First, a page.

Depending on the species under study, the tetrazolium test has shown higher efficiency with the use of lower concentrations, and this can be verified in the studies conducted by Abbade and Takaki (2014ABBADE, L. C.; TAKAKI, M. Teste de tetrazólio para avaliação da qualidade de sementes de Tabebuia roseoalba (Ridl.) Sandwith - Bignoniaceae, submetidas ao armazenamento. Revista Árvore, v. 38, n. 2, p. 233-240, 2014.) with T. roseoalba and Carvalho et al. (2017CARVALHO, S. M. C. et al. Viability of Libidibia ferrea (Mart. ex Tul.) L.P. Queiroz var. ferrea) seeds by tetrazolium test. Journal of Seed Science, v. 39, n. 1, p. 7-12, 2017.) with L. ferrea. For these species, the concentration 0.05% promoted gentle tissue staining and enabled higher accuracy in the evaluation, ensuring the identification of damage to the embryonic axis and cotyledons.

For the temperature of 40 °C, there was statistical difference in the percentage of viable and vigorous seeds in sublot 1 only for combinations 0.05%/2 h and 0.1% for 2 and 6 h. The best result was observed in sublot 2, promoted by the concentration 0.05% for 2 h; while it increased the concentration and staining period, it reduced the percentage of viable and vigorous seeds. For sublot 3, higher results were observed at the concentrations of 0.05 and 0.075%/4 and 6 h (Table 3).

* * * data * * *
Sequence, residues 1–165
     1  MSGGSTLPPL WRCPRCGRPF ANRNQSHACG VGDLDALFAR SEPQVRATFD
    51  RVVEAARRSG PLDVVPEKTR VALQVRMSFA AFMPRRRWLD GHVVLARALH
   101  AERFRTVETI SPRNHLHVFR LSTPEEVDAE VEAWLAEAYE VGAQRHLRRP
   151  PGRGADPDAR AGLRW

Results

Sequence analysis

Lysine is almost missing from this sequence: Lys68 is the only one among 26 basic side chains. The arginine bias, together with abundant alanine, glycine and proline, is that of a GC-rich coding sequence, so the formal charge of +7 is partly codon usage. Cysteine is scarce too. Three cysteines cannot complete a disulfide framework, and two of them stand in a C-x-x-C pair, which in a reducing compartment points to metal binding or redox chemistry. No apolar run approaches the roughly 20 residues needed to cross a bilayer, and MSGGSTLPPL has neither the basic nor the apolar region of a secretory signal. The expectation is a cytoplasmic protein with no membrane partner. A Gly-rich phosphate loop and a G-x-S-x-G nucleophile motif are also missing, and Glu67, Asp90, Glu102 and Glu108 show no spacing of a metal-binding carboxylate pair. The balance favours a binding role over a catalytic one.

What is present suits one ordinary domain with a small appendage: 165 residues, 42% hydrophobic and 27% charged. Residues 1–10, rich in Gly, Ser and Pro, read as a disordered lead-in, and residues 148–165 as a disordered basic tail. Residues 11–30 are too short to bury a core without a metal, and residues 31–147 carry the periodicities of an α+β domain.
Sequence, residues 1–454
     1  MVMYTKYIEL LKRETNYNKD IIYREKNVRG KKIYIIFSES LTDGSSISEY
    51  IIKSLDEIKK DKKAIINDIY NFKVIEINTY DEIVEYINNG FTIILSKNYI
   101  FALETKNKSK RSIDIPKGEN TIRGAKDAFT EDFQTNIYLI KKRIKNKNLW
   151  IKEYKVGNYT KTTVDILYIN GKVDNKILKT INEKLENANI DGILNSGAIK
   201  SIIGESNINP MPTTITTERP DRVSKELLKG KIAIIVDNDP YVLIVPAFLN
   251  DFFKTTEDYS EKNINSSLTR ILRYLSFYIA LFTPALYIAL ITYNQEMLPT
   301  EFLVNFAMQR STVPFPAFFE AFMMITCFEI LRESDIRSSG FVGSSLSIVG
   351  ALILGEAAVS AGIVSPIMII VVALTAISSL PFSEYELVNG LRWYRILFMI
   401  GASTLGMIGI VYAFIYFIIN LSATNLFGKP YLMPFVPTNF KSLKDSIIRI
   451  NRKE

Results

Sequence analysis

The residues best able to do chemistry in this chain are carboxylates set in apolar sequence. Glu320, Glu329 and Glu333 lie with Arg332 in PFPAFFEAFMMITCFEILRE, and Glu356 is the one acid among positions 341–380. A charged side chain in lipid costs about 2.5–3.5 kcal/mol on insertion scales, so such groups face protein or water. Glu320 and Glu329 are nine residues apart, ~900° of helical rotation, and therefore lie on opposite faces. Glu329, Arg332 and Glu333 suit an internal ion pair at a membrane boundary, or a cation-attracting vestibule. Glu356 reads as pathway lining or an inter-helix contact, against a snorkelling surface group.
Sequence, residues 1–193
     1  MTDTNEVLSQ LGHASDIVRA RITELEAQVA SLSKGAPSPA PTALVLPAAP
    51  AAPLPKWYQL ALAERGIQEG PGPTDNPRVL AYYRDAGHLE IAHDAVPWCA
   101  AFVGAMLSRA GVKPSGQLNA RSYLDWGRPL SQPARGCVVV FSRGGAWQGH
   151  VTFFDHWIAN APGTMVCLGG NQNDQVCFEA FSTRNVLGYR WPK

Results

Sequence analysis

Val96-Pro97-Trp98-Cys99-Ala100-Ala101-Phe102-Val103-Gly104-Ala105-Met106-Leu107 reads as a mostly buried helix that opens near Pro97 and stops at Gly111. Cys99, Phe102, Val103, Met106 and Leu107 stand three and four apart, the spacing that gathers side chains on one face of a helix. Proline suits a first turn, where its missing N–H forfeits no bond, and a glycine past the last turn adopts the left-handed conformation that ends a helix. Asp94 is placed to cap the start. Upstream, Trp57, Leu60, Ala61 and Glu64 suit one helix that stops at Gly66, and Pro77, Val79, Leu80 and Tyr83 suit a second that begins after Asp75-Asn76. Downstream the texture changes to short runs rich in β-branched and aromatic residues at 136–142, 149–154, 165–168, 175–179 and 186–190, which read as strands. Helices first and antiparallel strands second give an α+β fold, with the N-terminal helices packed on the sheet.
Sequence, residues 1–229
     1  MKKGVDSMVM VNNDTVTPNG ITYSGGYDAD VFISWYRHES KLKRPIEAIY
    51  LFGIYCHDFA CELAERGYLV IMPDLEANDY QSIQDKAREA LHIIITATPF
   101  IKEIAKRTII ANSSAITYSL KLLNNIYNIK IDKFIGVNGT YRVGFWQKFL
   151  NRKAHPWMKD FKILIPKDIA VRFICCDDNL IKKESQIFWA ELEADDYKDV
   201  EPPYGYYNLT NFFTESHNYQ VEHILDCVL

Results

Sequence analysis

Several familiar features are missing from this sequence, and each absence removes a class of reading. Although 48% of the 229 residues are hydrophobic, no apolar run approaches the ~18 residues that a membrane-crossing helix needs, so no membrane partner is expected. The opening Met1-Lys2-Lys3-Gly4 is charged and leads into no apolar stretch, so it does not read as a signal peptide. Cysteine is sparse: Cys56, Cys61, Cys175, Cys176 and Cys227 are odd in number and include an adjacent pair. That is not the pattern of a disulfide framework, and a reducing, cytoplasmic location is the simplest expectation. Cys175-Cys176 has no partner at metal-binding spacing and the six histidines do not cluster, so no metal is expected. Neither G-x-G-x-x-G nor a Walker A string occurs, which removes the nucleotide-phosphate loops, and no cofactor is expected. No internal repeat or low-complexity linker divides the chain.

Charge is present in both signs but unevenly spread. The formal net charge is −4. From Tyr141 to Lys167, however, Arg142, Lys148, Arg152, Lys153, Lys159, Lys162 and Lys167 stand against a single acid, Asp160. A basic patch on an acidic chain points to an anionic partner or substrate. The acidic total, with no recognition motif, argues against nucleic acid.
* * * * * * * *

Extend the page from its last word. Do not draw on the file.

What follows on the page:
For class II, at 40 °C, there was a high percentage of viable and vigorous seeds in sublot 1 at the concentrations 0.05%/2 h and 0.1%/4 h, at which the values differed from those of sublots 2 and 3. The combination C6 (0.075%/6 h) resulted in a higher percentage of viable and non-vigorous seeds for sublot 2, higher than that obtained for the other sublots. For sublot 3, the lowest combination (0.05%/2 h) led to the best result, but with only 24% of viable and vigorous seeds (Table 3). On the other hand, for class III (unviable) at the same temperature, the lowest results were obtained in sublot 1, at the concentration of 0.05% for 4 h. For this combination, there was a high percentage of viable and vigorous seeds (above 50%), which explains the reduction of unviable seeds. For sublot 3, the lowest results of unviable seeds were observed at the concentrations 0.05%/2 and 6 h and 0.075%/4 h (Table 3).

The highest combination (0.1%/6 h) promoted 46% of unviable seeds for sublot 2 (Table 3). This result differs from those found for sublots 1 (14%) and 3 (19%). This concentration hampered the interpretation of the vigor classes due to the formation of a dark Carmine red color throughout the seed, so evaluation became more difficult because it did not enable the differentiation of healthy, dead and deteriorating tissues (CUNHA; GOMES, 2015CUNHA, M. C. L; GOMES, I. H. R. A. Viabilidade de sementes de Erythrina velutina Willd pelo teste de tetrazólio. Nativa, v. 3, n. 3, p. 196-200, 2015.).